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Home office design for programmers?

Hi guys:

Inspired by Joel's office article but with much lower budget, I am turning a 2.6MX2.6M den (in a condo) into a programmer home office.

I googled for a while, but only get general ideas.

Is there any good resource for programmer home office design? (principle, rule , pictures etc.)

Some rules/principles so far in my mind are:

(1)All the outlets/USB ports should be the working table height.

(2)Computer/Server are organized on a light-metal frame.

(3)Only necessary wireless for security and pure signal reason

(4)Cozy.

Please advice more.

Your ideas are very appreciated.

ProgrammerInToronto
Monday, June 07, 2004

Make sure you have enough work to pay for all those perks.

RP
Monday, June 07, 2004

You probably want somewhere to sit. I use a chair when I'm at the computer, and a sofa when I'm with paper-and-ink (I have a clipboard for the paper, so I don't need a table).

With the chair, you want something on which to place your monitor and keyboard. I don't see why you're saying "light-metal frame": I would consider that an implementation detail, not a requirement. I have a deep desk with a pull-out keyboard, so that the monitor is 130 cm from my eyes (I prefer that to its being too close).

You also want connectivity: internet and telephone. Wireless may be useful if you have a laptop and want to move your laptop around the house; otherwise, why wireless?

I don't care about having outlets/USB ports and table height because I don't often plug/unplug them. Also, more than "cozy" I like "well ventilated". I consequently have hardwood floor instead of carpet; and my chair is on rollers.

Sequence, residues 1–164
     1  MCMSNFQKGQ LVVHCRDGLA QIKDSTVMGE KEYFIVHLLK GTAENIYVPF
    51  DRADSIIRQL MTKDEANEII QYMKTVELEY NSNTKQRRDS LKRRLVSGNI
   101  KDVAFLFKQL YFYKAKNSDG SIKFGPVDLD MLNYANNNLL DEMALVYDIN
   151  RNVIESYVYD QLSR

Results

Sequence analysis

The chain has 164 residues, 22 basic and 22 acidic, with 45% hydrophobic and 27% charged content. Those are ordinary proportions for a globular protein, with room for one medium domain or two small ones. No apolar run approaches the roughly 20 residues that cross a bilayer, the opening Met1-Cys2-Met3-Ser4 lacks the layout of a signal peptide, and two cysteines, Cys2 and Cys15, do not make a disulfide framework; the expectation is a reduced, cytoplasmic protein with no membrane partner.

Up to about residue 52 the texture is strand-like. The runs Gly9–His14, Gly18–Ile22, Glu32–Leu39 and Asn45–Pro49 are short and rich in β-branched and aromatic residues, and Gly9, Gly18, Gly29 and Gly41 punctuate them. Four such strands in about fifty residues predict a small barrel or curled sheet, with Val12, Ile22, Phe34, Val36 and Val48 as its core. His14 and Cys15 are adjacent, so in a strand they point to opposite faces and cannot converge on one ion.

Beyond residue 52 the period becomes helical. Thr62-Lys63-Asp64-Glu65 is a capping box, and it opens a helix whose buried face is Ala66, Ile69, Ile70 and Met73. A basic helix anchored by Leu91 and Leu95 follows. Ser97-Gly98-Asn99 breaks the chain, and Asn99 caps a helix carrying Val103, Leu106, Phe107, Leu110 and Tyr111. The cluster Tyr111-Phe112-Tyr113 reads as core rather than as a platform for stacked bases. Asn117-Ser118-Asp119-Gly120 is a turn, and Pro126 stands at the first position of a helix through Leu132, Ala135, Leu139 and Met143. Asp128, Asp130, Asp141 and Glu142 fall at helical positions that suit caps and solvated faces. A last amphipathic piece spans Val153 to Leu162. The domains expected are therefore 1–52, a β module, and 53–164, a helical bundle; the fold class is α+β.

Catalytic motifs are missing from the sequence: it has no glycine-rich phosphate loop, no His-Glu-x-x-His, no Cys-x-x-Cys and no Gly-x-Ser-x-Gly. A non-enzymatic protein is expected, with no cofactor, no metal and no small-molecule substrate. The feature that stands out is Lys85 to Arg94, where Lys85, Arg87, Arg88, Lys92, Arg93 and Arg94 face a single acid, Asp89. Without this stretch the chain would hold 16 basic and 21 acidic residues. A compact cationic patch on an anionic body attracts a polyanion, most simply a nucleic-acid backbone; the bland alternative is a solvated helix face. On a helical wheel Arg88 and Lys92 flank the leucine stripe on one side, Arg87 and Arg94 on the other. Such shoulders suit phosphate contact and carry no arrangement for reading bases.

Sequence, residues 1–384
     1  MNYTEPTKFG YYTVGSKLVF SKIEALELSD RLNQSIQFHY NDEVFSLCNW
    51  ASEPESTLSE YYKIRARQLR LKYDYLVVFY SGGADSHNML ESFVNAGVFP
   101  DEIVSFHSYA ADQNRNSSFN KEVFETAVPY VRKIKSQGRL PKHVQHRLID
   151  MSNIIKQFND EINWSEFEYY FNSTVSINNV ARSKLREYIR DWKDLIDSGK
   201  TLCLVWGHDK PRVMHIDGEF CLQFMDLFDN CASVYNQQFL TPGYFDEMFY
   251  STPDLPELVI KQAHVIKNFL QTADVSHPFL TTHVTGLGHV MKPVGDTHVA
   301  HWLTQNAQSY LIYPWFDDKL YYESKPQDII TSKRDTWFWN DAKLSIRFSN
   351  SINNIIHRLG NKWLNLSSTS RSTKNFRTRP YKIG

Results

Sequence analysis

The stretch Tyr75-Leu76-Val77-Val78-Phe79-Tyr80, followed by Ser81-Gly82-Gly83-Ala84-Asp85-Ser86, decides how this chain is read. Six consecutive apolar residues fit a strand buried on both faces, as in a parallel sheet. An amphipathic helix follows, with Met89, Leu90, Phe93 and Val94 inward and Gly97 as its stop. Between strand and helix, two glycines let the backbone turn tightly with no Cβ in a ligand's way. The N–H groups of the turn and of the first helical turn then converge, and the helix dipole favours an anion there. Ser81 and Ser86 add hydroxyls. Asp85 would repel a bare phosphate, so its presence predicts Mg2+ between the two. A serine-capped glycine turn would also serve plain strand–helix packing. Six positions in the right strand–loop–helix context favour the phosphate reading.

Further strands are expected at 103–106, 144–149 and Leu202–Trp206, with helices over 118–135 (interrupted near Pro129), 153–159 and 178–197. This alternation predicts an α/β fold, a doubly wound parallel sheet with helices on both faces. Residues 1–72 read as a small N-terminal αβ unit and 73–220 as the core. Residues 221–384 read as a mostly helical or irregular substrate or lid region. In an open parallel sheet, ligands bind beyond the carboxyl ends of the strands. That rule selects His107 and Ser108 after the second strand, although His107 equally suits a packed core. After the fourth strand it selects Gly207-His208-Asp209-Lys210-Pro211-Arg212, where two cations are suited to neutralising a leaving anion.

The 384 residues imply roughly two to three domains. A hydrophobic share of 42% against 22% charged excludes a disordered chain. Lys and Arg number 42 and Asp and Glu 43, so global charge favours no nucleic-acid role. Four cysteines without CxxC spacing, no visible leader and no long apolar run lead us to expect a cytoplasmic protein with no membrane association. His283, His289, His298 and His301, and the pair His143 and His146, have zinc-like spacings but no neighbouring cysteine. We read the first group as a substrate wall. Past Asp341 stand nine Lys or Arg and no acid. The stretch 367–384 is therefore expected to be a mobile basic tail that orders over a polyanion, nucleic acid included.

Drawers (with hanging files; could be filing cabinets) and bookcases are also handy, for reducing clutter. Noise (or music) can be an issue too, as well as temperature and lighting.

Christopher Wells
Monday, June 07, 2004

I wrote an article on that subject in my blog. Maybe I can add some photos to the article one of these days:

http://www.hello.nl/articles/Asoftwareengineersoffice.html

Regards,

Karel Thönissen (www.hello.nl)
Monday, June 07, 2004

+ plenty of room under the desk for the fluffer

anon
Monday, June 07, 2004

Ah, yes, the fluffer. That Fog creek feature Joel never mentions.

RP
Monday, June 07, 2004

Dan Cederholm ( http://www.simplebits.com/notebook/2004/03/25/particle_board_desk.html )covered some of the process he used to turn a walk in closet with window into a home office.  Of interest, he turned a large piece of particle board into a solid surface desk which added much detail interest, and used a dark color on the walls which made the room cozier (or claustrophobic depending on how you feel about such matters).

For my home office I designed and decorated it like a contemporary living room.  Comfortable couch, all electronics are hidden/secondary features.  Clean surfaces, dark woodwork and bright walls. 

Blue painters tape is your friend.  Get out some graph paper and draw your room - plan outlets and phones, etc - draw desks and couches etc to scale and play with the layout.  Then mask them out on the floor and really think if that will support your daily operations.

Lou
Monday, June 07, 2004

The biggest surprise to me in working out the office for my home-based business (which evolved over a number of years) was how much desk space I ended up needing before I felt like I had enough to be comfortable. Of course, Peopleware talks about this, but it was interesting to experience firsthand. I was only really satisfied once I had a total of three desks, each about 5' x 3'. (They're simple models without drawers, $100 or so apiece at Ikea). I also ended up needing a lot more bookshelf space than I had bargained for.